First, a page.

Nov. 10, 2003 (Orlando, Fla.) -- Pound for pound, four very popular weight loss diets are all good for shedding weight and lowering the risk of heart disease, say researchers, with one important caveat: You have to stick with the diets, not just start them.
The diet scene has heated up in the past year with low-carb and low-fat diets battling it out. But until now no one actually compared four of the most popular diets -- Atkins, Ornish, Weight Watchers and the Zone -- to find out which was really better for weight loss and lowering the risk of a heart disease.
It turns out, says Michael L. Dansinger, MD, assistant professor of medicine at Tufts University, New England Medical Center in Boston, Mass. that as long as the pounds are shed, heart health improves.
"Losing 20 pounds corresponded to about a 30% reduction in heart risk score," he says. Although he explains that at this point "it isn't clear if a 30% reduction in risk score is the same as a 30% reduction in heart attacks." Dansinger presented his results here at the American Heart Association's Scientific Sessions 2003.
- The Atkins diet -- a low-carb diet consisting primarily of protein and fat. In the first two weeks, carbohydrates are severely restricted but then are introduced back into the diet in the form of fiber-rich carbohydrates.
- The Ornish diet -- a high-carb, low-fat vegetarian diet of mostly beans, fruits, grains, and vegetables. Dairy products are eaten in moderation and meats are discouraged.
- Weight Watchers -- a low-fat, high-carb diet where each food is assigned a point value and participants are allowed a certain number of points per day.
- The Zone -- a diet based on a 40-30-30 system where participants eat 40% of their calories from "favorable" carbohydrates such as vegetables and beans, 30% from low-fat proteins, and 30% from unsaturated fats, such as olive and canola oils, nuts, and avocados.
Low-Carb vs. Low-Fat
Dansinger studied 160 overweight men and women who volunteered to participate in a yearlong diet study. Forty volunteers were assigned to each diet, he says. Dansinger says he was "just testing the diets, not any exercise or other lifestyle modifications that are part of the entire diet program." The researchers also calculated a score to estimate a person's heart disease risk -- based on common heart disease risk factors, such as cholesterol and blood pressure.
The benefits from the diets were limited to those who carefully followed them -- and following the diets was no easy task since the drop out rate for each diet was 22% at two months. By one year half of the volunteers assigned to Atkins or Ornish had dropped out as had 35% of those assigned to Weight Watchers or Zone diets.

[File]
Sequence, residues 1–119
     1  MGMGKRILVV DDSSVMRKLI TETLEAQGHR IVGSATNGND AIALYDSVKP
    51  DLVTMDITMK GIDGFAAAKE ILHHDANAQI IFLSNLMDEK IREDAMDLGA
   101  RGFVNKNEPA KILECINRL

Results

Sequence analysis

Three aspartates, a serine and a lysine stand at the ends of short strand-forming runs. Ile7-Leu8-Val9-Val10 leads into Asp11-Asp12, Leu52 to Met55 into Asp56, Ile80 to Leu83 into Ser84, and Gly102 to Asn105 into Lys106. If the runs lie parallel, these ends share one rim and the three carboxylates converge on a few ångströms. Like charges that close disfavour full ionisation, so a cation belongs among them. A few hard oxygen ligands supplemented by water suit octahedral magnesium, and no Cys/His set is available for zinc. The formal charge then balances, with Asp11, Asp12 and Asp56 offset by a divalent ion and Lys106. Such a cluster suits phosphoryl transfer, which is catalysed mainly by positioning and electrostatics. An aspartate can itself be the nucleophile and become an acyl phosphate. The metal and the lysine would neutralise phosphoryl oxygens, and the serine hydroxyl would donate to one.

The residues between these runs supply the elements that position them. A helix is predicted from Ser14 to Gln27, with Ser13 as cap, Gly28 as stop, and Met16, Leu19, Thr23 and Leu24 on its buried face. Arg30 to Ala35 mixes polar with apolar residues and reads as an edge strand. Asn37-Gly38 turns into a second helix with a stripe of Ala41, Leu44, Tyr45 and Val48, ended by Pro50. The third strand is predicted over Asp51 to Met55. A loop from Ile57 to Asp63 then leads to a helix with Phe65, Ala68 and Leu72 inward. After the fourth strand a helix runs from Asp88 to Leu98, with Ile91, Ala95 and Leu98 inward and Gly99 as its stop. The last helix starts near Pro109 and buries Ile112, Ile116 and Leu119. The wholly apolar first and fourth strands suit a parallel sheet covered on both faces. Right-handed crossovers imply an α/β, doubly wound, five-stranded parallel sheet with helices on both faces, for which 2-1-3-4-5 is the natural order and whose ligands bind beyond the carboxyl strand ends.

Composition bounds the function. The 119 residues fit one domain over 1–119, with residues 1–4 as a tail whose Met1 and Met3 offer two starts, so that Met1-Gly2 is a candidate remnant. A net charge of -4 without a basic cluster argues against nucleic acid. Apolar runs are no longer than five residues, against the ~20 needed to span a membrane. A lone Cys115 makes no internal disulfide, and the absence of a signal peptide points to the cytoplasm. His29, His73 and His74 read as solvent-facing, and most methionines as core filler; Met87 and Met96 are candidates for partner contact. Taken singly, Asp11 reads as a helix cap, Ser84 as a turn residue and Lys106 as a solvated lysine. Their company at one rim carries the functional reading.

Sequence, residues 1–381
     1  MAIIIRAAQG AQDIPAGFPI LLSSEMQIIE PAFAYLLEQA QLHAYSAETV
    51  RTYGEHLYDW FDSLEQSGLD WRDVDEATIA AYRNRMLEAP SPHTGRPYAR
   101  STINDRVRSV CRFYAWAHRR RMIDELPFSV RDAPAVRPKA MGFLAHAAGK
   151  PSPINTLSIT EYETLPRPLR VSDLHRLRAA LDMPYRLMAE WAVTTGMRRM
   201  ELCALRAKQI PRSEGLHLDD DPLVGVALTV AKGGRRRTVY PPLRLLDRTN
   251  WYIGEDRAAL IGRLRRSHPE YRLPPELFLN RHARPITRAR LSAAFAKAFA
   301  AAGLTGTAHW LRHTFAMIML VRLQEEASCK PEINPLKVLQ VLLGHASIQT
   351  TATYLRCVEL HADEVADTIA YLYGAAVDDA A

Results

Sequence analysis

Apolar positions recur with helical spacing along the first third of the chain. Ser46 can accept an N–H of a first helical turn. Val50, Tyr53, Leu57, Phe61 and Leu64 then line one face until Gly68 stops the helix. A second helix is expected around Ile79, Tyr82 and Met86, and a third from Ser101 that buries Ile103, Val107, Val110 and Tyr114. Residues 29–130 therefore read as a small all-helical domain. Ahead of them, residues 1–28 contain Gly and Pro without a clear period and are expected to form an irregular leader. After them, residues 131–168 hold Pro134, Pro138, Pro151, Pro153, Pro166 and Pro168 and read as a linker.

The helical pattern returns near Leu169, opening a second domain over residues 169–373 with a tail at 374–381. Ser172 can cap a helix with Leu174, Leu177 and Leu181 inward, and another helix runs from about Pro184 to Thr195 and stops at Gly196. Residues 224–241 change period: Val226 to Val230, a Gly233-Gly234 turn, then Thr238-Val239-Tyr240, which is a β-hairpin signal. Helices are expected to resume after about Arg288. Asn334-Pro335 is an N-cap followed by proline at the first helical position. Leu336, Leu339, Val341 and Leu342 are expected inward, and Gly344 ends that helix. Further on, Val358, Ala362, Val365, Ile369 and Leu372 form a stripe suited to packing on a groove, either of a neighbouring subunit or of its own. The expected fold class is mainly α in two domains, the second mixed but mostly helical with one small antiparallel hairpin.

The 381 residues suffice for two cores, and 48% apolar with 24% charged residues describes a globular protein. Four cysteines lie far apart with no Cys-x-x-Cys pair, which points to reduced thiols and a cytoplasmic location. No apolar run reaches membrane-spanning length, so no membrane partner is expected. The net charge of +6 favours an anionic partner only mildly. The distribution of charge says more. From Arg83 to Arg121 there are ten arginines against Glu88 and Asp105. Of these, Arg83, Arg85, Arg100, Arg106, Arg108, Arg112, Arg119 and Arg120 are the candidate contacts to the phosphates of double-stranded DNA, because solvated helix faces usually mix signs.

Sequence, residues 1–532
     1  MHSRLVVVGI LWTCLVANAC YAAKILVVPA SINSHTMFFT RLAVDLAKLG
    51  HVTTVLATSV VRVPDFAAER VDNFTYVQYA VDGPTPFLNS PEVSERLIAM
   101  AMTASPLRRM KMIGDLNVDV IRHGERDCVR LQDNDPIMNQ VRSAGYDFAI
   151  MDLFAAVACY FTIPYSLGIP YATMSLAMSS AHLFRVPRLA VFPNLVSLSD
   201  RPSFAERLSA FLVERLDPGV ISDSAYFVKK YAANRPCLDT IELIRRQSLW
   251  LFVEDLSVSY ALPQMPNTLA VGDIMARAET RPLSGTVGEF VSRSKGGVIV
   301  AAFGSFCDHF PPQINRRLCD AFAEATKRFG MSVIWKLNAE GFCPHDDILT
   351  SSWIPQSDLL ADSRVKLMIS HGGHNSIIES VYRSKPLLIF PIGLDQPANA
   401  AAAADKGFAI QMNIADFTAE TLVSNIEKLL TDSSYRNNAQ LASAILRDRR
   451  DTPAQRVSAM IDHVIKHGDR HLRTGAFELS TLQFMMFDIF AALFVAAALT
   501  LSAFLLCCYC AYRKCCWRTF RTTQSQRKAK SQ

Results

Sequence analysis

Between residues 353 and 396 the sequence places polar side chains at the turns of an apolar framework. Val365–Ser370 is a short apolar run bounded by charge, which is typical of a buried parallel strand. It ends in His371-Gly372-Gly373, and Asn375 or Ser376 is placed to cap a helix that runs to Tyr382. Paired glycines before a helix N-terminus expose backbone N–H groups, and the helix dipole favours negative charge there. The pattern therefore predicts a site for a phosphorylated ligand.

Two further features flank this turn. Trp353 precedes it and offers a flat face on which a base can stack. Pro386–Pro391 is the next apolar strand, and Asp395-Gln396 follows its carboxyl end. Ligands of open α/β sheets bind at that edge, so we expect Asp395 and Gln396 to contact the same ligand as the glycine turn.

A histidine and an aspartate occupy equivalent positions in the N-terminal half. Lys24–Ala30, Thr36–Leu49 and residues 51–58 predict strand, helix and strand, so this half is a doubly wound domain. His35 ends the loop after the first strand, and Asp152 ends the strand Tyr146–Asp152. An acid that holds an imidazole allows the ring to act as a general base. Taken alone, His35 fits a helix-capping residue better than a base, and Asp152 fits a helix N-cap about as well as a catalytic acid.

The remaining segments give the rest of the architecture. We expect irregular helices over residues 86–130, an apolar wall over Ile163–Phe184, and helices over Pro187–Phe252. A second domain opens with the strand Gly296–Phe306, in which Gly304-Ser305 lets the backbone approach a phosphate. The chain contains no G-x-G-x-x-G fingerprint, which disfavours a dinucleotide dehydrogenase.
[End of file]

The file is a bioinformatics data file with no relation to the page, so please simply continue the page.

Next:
Participants following the Atkins, Weight Watchers, and Zone diets achieved significant reductions in the heart risk score. Those following the Ornish diet did not show any significant improvement in the heart disease risk score.
Dansinger tells WebMD that this does not mean that the "Ornish diet doesn't reduce heart disease risk. I have great faith in the Ornish diet, but it did not meet the statistical test in this study."
Dean Ornish, MD, founder and president of the Preventive Medicine Research Institute in Sausalito, Calif., was immediately critical of the results.
Ornish tells WebMD that the people assigned to his diet "lost more weight, had greater reductions in LDL (the 'bad' cholesterol), and were the only dieters to significantly lower insulin -- even though the Atkins and Zone diets claim to be specifically designed to lower insulin." Lower insulin levels indicate a lower risk of developing diabetes, another powerful heart disease risk factor.
Dansinger, who joined Ornish in fielding questions from reporters, agrees that the Ornish diet posted impressive results for those who stayed the course for a year: a nearly 20% reduction in insulin levels while the Atkins diet dropped insulin by about 8% and the Zone was associated with a 17% drop in insulin.
Likewise, the Ornish diet reduced LDL cholesterol by 17%, while the Atkins dieters reduced LDL by 9%, followed by Weight Watchers dieters at 8% and Zone dieters at 7%.
Good Cholesterol: How Important Is It?
But the heart disease risk score is based on the ratio between LDL cholesterol and HDL "good" cholesterol.
"The Ornish diet does not increase HDL, while the other diets do achieve significant increases in HDL," says Dansinger. The Atkins and Zone diets increased HDL by 15%, while Weight Watchers posted an 18.5% gain. But the Ornish diet increased HDL by just 2.2%.
Ornish says HDL is not really a factor because "HDL is really like a garbage truck that goes around picking up the garbage, which is bad cholesterol. When you don't have as much bad cholesterol -- garbage -- you don't need as many garbage trucks." He adds, "raising HDL is easy: eat a stick of butter. That will drive up your HDL, but it's not good for you."
Dansinger says HDL is a little more complicated. For example, "exercise increases HDL and we do think that low HDL is a risk factor for heart disease," he says.
"The good news about this study is that we have demonstrated that all these diets work. That means that physicians can work with patients to select the diet that is best suited to the patient. For example, if you have a patient who likes meat, it is unlikely that he or she will comply with the Ornish diet," says Dansinger.
"In the short run, I think weight loss trumps everything. If you lose weight, it doesn't matter how you lose it. But in the long run we don't know the effect of the macronutrients [carbohydrates, fats, and proteins] that you are eating," says Robert H. Eckel, MD, chair of the American Heart Association's Nutrition, Physical Activity, and Metabolism Council and professor of medicine at the University of Colorado Health Sciences Center. Eckel was not involved in the study.